English Language Requirements

English language requirements for most courses

For applicants whose first language is not English, the University sets a minimum English Language proficiency level. The qualifications below must have been gained within two years of the start of your course.

General English language requirements at UWS: International English Language Testing System (IELTS) Academic module (not General Training)

  • overall score 6.0
  • no sub-test less than 5.5

Common equivalent English language qualifications

All stated English tests are acceptable for admission for both home/EU and international students for this programme:

  • CAE (Cambridge Certificate of Advanced English): 176 overall; no sub-test less than 169
  • CPE (Cambridge Certificate of Proficiency in English): 176 overall; no sub-test less than 169
  • Trinity College London Integrated Skills in English: ISEII with the minimum of a Pass in all sub-tests

 

IELTS Score Exceptions (DBA, Certificate of Higher Education, PhD, etc.)

For our research degrees (MRes, MPhil, PhD, DBA, DProf), applicants are required to have an IELTS score as follows:

  • overall score of 6.5
  • no sub-test less than 6.0

For Health, Nursing & Midwifery courses that lead to professional registration with the Nursing & Midwifery Council, applicants are required to have an IELTS score as follows:

  • overall score of 7.0
  • no sub-test less than 7.0

For our Certificate of Higher Education courses, applicants are required to have an IELTS score as follows:

  • overall score of 5.0
  • no sub-test less than 4.5

 

Pre-sessional courses

Applicants who do not meet the minimum English language requirements have the option to study one of our preparatory and pre-sessional English courses. The UWS courses available are:

  • 10 week pre-sessional - entry criteria UKVI IELTS 5.0 with no element below 4.5.
  • 5 week pre-sessional - entry criteria UKVI IELTS 5.5 with no element below 5.5.
  • English Language for University Study - entry criteria UKVI IELTS with score of 4.0 in all elements (10 month course), or 4.5 with no score below 4.0 (7 month course).

Course details

Guest speakers from industry form part of the course to expand your understanding of the subject. Representatives from Arup regularly speak to students about the role of structural engineers and students recently attended a talk from Graham Construction about the opportunities open to graduates with them.

Year 1

Studies include mathematics, structural mechanics and design, science, communication, drawing and computing skills and an introduction to the engineering industry.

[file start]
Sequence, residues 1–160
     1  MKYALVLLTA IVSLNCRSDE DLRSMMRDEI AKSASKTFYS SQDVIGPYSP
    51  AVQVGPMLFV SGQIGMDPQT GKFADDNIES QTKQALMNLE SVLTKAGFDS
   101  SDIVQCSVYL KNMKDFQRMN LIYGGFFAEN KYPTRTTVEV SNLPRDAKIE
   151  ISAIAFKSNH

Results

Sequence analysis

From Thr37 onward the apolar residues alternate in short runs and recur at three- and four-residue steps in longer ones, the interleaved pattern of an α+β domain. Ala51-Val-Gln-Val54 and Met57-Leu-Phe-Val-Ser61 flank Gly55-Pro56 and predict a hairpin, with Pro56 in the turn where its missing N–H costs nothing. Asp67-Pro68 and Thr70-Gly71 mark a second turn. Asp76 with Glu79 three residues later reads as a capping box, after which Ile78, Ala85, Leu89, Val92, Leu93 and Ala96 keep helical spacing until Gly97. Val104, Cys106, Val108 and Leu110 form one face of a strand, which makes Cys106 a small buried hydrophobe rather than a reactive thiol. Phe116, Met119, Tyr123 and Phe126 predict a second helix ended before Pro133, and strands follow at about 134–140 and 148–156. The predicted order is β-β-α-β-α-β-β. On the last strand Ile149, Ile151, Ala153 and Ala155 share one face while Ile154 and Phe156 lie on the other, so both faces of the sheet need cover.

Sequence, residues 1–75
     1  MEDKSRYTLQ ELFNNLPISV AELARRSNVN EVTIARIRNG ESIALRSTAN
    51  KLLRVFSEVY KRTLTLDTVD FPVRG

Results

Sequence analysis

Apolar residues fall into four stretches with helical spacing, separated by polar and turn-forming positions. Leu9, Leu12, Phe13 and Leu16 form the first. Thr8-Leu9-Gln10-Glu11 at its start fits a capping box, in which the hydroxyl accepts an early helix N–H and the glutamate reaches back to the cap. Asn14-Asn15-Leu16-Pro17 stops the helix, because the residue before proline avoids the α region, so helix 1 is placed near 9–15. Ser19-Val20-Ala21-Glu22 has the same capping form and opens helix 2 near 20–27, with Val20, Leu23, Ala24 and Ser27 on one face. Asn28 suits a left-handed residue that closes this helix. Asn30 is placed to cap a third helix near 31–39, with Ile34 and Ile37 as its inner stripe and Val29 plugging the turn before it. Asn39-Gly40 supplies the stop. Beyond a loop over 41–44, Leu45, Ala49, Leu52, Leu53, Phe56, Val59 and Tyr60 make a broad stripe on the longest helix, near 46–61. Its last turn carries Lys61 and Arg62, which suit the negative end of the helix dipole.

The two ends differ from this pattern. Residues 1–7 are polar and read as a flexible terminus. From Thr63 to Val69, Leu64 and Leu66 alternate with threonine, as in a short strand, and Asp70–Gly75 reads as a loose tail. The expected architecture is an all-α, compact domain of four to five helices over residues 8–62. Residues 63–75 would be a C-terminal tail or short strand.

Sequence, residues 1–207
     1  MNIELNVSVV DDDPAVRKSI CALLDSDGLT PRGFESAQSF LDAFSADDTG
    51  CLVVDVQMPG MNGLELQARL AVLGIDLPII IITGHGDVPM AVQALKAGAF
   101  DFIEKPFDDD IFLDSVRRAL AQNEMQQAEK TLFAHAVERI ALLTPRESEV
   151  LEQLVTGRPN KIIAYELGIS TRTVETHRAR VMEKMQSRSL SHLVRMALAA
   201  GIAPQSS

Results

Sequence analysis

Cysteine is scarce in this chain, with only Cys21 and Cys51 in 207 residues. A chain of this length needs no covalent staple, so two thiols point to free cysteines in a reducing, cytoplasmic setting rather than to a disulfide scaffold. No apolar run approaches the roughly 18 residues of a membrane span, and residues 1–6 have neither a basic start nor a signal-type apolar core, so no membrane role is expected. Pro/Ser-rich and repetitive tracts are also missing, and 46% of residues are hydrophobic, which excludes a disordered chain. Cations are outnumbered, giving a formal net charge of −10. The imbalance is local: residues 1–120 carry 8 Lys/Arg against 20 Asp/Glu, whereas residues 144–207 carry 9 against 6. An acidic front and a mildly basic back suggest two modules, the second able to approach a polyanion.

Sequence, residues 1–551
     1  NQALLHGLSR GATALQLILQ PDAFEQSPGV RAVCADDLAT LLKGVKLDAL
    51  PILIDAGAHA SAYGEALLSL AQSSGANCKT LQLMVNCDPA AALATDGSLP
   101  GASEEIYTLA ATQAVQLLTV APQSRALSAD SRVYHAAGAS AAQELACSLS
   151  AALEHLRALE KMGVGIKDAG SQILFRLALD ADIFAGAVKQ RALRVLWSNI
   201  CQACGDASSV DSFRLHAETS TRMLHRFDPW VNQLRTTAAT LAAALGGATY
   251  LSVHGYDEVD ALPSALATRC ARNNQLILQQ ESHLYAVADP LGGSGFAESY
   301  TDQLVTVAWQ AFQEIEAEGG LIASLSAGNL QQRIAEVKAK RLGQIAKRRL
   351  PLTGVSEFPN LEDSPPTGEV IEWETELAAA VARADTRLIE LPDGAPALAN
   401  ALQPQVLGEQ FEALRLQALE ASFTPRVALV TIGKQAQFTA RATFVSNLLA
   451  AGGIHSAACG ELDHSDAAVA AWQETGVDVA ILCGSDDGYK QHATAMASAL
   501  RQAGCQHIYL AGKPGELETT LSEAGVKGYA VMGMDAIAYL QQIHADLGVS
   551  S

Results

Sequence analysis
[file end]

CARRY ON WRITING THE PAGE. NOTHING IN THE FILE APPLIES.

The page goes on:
Year 2

Studies include sustainable construction, the properties and uses of civil engineering materials, design of structural elements, mathematics, applied geology, hydraulics, surveying and construction studies.

Industrial Training

Students can spend an 18-week period of paid employment in industry.

Year 3

You will undertake studies in the use of HTML5, CSS3 and JavaScript for client-side website development with ASP.NET and PHP on the server side. You will also configure and administer a number of secure servers for the deployment of web/mobile services.

Industrial training  

Honours students can spend an 18-week period of paid employment in industry between Year 3 and Year 4.

Year 4 (Honours)

Studies include structural engineering and design, ground & highway engineering, construction and management, renewable energy and materials. An individual project allows you to investigate a subject area of your choice.

Learn a language (Optional)

This course also gives you the option of taking a language module, which can count towards your degree. These modules cover ten languages and range from absolute beginner to near-native speaker level. View the language modules on offer.

Course Structure

Find out more about the structure, learning outcomes, compulsory and optional modules in this course.

Course Structure (17/18)

Career Prospects

Jobs

Graduate opportunities are available with excellent starting salaries. Major construction firms actively seek university graduates and you may gain employment with a major contracting or consulting engineering company. UWS graduates work with companies including Network Rail, Amey, Balfour Beatty, CH2M, and the Royal Air Force in roles such as Graduate Civil Engineer or Graduate Structural Engineer.

Further Study

Some graduates choose further study, leading to an MSc, PhD or teaching qualification.

Undergradute Tuition Fees 2017/2018

Scottish campuses lab-based 2017/18

Scottish & EU

£1,820 per year of study

English, Northern Irish & Welsh

£9,250 per year of study

Channel Island & Isle of Man

£9,250 per year of study

International (Non-EU)

£13,800 per year of study

More on current & future tuition fees

Additional Costs & Sources of Funding

The cost of attending university is an investment in your future career.
 
In addition to tuition fees and living expenses, some courses involve extra costs like study materials, field trips, equipment and uniforms.